The two religious characteristics associated with peace are LOW government restrictions on religious behavior and LOW social hostilities involving religion. In addition, countries with higher religious diversity are, on average, more peaceful and have less restrictions on or social hostilities involving religion than countries with religious monopolies.
The impact of government restrictions on and social hostilities involving religion can be seen by looking at government type, which is a key driver of peace.
As governments are further away from being a full democracy (see chart), religious hostilities and government restrictions on religious freedom are more severe. The trend holds true across the board, although, because of the repressive nature of authoritarian regimes, such regimes hold down social hostilities more than hybrid and flawed democracies because of the often overwhelming force used to control any social opposition or political dissent.
Full democracies have the best average performance in peace, and the lowest levels of religious restrictions and religious hostilities. Less regulation of religion reduces the grievances of religions, and also decreases the ability of any single religion to wield undue political power (also see The Price of Freedom Denied).
Full democracies outperform every other government type. Full democracies are on average 58% more peaceful, have 131% less religious restrictions and 49% less religious hostility than authoritarian regimes. Authoritarian regimes have the worst performance in peace and unsurprisingly in religious restrictions. However, authoritarian regimes are the second best performing government type on the Social Hostilities Index, reflecting the ‘enforced peace’ that can occur in some authoritarian contexts.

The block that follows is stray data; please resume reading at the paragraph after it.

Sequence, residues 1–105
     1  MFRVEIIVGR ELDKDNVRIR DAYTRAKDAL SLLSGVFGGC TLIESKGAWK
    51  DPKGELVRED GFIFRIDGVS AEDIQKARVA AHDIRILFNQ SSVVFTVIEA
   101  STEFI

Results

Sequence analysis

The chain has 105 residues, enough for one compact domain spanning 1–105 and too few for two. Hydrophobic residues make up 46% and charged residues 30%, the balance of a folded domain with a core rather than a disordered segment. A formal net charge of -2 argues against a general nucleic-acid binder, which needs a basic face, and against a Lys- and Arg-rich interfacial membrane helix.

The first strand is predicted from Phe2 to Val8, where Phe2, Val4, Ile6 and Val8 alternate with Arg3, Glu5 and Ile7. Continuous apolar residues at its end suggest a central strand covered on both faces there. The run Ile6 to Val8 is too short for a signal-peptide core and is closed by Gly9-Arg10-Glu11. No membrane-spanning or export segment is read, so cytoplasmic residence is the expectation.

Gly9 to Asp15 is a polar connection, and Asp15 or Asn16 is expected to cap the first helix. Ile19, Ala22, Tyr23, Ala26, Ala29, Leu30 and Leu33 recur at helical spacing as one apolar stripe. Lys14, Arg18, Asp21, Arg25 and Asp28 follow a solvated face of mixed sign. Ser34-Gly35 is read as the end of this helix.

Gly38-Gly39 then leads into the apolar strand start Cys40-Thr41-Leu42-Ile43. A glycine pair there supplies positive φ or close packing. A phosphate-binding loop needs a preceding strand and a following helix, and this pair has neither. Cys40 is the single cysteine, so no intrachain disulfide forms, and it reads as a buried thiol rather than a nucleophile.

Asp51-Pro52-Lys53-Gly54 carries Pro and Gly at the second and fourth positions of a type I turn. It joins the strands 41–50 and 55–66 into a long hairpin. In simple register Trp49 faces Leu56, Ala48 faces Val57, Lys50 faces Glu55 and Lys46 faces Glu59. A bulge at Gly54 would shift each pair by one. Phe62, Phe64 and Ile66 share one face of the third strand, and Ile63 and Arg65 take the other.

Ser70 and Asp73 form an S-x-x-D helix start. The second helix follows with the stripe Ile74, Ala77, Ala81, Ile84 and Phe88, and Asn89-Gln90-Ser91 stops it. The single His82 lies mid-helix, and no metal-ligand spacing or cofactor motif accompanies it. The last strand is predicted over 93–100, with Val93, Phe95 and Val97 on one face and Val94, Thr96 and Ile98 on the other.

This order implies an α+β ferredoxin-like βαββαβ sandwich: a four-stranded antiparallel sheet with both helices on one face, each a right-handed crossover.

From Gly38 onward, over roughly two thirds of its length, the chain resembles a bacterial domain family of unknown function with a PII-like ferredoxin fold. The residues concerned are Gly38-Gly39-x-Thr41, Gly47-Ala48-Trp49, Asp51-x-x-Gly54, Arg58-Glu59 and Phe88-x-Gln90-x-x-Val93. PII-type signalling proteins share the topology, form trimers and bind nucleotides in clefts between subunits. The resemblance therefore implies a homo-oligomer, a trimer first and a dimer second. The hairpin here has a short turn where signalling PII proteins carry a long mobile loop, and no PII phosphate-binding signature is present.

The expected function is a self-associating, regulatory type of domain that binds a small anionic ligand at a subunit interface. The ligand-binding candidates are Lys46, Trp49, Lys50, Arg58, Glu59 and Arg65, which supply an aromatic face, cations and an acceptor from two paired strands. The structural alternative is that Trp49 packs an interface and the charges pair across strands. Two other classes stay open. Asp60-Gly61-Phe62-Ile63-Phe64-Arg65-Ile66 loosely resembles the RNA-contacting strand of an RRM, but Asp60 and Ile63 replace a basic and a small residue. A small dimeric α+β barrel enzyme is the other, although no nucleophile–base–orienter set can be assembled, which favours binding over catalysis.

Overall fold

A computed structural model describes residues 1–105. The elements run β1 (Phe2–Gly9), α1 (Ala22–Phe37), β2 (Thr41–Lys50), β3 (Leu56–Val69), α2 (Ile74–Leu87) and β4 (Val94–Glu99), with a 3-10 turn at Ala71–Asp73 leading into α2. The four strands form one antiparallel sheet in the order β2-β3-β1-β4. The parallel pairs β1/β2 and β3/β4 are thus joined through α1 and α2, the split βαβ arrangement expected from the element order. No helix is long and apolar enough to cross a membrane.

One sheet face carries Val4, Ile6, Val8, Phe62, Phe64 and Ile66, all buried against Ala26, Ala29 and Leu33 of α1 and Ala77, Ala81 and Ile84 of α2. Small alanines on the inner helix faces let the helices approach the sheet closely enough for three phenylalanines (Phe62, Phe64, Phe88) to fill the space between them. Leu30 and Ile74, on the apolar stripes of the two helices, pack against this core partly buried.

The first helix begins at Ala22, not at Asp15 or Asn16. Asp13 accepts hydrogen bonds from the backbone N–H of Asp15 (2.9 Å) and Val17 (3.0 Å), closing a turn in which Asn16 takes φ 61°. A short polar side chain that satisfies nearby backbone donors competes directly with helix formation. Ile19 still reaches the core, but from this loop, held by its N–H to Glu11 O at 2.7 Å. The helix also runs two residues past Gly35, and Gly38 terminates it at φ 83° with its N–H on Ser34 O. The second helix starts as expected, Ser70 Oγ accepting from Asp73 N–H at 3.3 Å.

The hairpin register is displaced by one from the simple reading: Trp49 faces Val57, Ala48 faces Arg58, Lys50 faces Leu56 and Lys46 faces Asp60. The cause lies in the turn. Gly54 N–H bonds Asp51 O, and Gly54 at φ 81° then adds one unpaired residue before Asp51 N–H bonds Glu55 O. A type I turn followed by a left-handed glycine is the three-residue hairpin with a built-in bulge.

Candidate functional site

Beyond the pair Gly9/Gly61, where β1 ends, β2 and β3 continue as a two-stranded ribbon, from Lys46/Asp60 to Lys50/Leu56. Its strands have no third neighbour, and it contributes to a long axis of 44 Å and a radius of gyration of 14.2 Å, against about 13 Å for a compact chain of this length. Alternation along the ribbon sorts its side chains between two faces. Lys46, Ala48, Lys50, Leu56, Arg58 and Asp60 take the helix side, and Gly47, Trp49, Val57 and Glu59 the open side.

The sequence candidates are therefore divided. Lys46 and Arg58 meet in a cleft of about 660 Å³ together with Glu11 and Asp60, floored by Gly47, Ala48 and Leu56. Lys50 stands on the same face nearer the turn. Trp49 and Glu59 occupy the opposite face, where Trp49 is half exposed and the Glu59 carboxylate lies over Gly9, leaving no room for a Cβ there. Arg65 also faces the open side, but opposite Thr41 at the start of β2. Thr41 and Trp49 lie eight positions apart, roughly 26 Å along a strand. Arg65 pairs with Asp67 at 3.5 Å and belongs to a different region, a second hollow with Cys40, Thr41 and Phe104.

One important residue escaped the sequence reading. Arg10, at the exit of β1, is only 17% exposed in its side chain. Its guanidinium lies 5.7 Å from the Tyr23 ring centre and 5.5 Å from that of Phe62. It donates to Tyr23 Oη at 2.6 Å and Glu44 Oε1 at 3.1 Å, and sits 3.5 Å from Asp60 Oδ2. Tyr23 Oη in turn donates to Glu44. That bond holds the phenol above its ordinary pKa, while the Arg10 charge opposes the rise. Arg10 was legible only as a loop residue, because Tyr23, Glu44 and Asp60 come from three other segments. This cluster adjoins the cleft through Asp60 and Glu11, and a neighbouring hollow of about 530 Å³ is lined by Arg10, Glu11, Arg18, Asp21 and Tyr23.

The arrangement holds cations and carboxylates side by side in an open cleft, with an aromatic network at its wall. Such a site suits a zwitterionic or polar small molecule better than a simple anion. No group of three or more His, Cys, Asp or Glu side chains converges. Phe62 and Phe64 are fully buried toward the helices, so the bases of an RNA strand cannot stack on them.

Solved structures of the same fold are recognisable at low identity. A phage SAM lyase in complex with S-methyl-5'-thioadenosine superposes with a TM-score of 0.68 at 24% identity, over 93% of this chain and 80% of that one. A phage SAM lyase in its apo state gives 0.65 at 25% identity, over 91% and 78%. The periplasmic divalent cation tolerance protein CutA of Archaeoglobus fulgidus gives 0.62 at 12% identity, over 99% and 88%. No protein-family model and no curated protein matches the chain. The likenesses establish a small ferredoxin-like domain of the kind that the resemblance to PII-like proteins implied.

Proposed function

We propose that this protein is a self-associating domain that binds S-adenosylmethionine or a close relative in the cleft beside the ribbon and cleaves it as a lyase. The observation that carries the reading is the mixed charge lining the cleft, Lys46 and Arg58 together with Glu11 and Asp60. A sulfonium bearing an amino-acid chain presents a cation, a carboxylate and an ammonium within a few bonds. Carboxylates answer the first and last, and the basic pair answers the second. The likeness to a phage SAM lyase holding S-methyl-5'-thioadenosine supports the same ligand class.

Every full democracy, except the US, is amongst the 50 most peaceful countries in the world. Full democracies have disproportionately higher levels of non-believers than other forms of government. However, the overall proportions of atheists are generally very low and are therefore incapable of creating a strong influence on the factors that affect peace. Full democracies are peaceful regardless of the levels of religious belief.
Countries that are more religiously diverse - that is, without a dominant religious group - have, on average, higher levels of peace and less government restrictions towards religion. They also have lower levels of religious hostilities. In this study, a dominant religious group means there is more than 60% of the population identifying as followers of a particular belief system or denomination.
Countries without a dominant religious group are on average 17% more peaceful than countries with a dominant religious group. Similarly, countries without a dominant religious group have on average 25% less religious restrictions and 40% lower religious hostilities.
The presence of mulitple religions in a country appears to have a pacifying effect if they are free of restrictions. Alternatively, if the members of a religious group dominates and “achieves a monopoly”, they are likely to be able to access and use the power of the state. What has been seen in the past is that dominant religious groups with state power are open to persecute other religious groups and competitors.